So this week the news has been full of the News of the Screws phone hacking thing. I'm not overly sure that such misuse of the term "hacking" is appropriate — from my somewhat limited understanding it was merely a question of investigators using the default passcode to listen to a mobile phone users voice mail…?
Whether that deserves the application of the term "hacking" rather than simply being "sneaky" I'm not too sure, neither am I sure that the victims of the alleged hacking aren't overly sensible — surely if everyone was given the same pin when issued a debit/credit card they would take the first opportunity to change that there pin wouldn't they? Not 100% analagous but I think it's similar enough to bear consideration.
Anyway… so News International decided to sweeten things by closing down the News of the Screws early (what's the betting that the Sun on Sunday was going to be launched soon anyway — and what's the betting that it'll have a similar roll to the News of the World as well?), not least because they're trying to take over BSkyB and want to avoid any hint of scandal as well as show proper contrition.
That does leave us with something of a quandary about privacy though… not too long ago the news was full of super-injunctions — the method by which the rich and/or famous were able to keep their actions out of the press — and the furore that that evoked when made public. Now we've got allegations of investigators using underhand/sneaky methods of obtaining information which anyone else could obtain if they had a total dis-regard for the privacy of others and a morality bypass.
We've also got the promise that the coalition will launch an enquiry — does anyone else see the link here?
Admittedly I'm something of a conspiracy-theory aficionado but wouldn't it be interesting if we threw the baby out with the bath-water when the enquiry returns suggestions that privacy be upped a notch, thus doing away with the requirement for super-injunctions?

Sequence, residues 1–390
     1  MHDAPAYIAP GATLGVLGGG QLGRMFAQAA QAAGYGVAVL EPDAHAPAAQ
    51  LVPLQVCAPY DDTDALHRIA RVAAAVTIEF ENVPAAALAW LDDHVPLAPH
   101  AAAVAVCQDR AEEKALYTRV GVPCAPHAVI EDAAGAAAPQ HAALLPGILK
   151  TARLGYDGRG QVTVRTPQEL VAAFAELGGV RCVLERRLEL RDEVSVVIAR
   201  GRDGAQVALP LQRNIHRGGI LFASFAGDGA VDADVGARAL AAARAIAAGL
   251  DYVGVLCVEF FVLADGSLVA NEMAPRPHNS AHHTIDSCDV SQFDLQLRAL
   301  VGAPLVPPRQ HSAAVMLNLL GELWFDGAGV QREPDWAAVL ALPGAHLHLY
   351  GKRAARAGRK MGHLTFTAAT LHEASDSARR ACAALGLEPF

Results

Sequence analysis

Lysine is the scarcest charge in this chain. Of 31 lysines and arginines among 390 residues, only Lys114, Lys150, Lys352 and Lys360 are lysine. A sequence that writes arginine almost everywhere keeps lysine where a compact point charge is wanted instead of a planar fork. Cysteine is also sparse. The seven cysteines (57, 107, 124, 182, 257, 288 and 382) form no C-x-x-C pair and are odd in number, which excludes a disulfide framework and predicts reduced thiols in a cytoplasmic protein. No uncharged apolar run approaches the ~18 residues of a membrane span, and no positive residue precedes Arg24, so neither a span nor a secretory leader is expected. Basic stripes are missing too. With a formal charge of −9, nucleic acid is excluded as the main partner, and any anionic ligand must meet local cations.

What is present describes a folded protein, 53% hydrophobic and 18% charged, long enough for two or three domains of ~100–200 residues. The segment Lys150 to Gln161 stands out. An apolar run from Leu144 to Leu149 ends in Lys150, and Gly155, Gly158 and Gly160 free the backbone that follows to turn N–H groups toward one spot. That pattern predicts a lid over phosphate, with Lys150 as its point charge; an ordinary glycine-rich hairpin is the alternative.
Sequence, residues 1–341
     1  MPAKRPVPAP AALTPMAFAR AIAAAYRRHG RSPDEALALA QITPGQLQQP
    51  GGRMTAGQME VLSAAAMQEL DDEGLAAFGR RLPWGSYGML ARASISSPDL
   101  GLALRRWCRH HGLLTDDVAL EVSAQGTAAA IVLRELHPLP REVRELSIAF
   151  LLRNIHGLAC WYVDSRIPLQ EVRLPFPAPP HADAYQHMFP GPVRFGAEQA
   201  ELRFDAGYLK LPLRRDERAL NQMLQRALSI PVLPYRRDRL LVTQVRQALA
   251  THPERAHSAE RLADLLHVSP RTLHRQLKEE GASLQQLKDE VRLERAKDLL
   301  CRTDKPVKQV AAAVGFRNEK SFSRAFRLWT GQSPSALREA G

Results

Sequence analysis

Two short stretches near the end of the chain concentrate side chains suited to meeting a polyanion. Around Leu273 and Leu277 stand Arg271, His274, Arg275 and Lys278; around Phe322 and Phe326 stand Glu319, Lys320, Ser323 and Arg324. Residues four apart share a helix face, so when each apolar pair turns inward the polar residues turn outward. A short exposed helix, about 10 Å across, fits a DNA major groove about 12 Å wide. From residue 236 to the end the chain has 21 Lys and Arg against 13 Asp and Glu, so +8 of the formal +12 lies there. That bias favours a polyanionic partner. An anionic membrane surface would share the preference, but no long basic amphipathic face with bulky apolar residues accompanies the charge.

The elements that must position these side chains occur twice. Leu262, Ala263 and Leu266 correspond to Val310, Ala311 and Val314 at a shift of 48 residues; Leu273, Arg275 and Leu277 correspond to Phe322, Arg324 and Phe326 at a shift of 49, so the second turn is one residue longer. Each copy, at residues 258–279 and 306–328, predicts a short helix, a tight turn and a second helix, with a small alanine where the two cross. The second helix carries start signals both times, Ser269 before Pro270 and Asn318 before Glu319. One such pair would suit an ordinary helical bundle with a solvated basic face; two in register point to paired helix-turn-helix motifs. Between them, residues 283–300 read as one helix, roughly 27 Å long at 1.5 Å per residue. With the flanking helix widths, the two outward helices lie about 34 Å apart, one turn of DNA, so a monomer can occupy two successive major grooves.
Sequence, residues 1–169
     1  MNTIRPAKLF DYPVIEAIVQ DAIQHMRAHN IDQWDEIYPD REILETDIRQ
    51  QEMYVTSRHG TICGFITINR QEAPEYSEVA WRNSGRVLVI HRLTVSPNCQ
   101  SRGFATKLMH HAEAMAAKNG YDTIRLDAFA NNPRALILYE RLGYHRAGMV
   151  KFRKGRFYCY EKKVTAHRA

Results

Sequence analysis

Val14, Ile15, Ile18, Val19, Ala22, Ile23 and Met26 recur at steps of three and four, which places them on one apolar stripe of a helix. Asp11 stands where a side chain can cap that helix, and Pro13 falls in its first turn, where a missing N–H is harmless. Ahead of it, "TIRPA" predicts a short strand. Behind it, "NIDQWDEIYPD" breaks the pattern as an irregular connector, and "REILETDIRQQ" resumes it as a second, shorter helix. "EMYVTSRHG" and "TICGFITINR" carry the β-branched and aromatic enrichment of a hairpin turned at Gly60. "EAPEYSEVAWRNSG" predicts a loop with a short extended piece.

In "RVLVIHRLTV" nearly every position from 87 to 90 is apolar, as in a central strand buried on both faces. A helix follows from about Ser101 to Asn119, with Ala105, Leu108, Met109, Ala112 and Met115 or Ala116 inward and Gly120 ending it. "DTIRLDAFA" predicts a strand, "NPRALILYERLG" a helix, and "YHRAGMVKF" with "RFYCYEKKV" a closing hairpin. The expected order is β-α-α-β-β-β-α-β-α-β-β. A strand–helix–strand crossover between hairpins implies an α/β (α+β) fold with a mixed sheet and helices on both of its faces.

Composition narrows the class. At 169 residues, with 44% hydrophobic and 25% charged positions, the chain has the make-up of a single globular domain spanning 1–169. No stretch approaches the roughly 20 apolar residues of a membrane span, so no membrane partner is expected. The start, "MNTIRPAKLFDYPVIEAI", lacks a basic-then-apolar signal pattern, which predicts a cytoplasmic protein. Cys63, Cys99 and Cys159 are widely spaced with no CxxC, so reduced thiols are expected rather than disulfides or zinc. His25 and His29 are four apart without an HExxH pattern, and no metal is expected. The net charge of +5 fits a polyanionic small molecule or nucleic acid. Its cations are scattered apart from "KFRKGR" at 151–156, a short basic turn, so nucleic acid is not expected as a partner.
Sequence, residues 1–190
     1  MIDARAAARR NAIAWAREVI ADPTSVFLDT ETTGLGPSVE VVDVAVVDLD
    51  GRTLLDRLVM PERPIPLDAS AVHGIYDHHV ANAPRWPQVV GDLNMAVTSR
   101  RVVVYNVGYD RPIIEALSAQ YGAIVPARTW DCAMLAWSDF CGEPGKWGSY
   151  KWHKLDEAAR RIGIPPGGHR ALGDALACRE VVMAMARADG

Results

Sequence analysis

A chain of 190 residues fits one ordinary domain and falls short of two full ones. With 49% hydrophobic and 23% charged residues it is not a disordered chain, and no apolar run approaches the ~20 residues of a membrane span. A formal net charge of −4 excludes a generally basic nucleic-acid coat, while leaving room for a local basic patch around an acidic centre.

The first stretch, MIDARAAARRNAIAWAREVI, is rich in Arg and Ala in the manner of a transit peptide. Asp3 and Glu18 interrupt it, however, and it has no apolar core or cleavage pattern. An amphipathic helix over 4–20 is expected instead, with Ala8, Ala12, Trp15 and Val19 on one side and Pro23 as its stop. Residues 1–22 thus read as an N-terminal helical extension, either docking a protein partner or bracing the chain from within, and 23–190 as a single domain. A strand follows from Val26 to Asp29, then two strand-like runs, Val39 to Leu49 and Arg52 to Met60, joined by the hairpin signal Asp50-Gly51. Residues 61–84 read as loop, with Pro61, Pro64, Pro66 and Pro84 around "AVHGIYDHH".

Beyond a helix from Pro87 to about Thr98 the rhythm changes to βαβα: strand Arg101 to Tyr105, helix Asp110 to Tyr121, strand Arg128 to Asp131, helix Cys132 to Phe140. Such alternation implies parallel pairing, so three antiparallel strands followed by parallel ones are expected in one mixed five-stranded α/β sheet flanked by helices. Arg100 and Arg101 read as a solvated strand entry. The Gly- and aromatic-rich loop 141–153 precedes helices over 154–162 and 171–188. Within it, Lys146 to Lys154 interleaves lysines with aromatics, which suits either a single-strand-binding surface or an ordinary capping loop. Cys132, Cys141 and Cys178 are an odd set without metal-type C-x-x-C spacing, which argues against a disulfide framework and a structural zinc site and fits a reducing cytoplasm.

What if, by our own carelessness, we ushered in stricter privacy laws in order to protect those of us who're too trusting or not technically savvy enough to change their pin?
I don't know about the legality of the phone "hacking", though I suspect it isn't particularly legal, but I do know that the next time our Dear Leader has a meeting with — just as a for-instance — Rupert Murdoch or — another for-instance — Rebekah Brooks then I'd like to be told! I dare say though, that in the future such reporting might be considered illegal and we'd all be the poorer for it being so.
I'm not defending the News of the Screws (though I did sort of enjoy reading it on a night-shift) but I am wary about what this might lead to — if anything I really, really don't want legislation to be created as a result, rather I'd like less legislation. I'd like people to be a little more aware of their responsibilities in regards to their own security. I'd really, really like News International to lose all investment and market share — I for one am thinking of boycotting anything which advertises in those outlets, I'd suggest that others do as well, I just need a register of who advertises with them now…? (Just hope it's not Tesco or I'll starve!)
Buying anything from News International is something I'll also avoid now! Thankfully I don't buy a paper but what else do they do?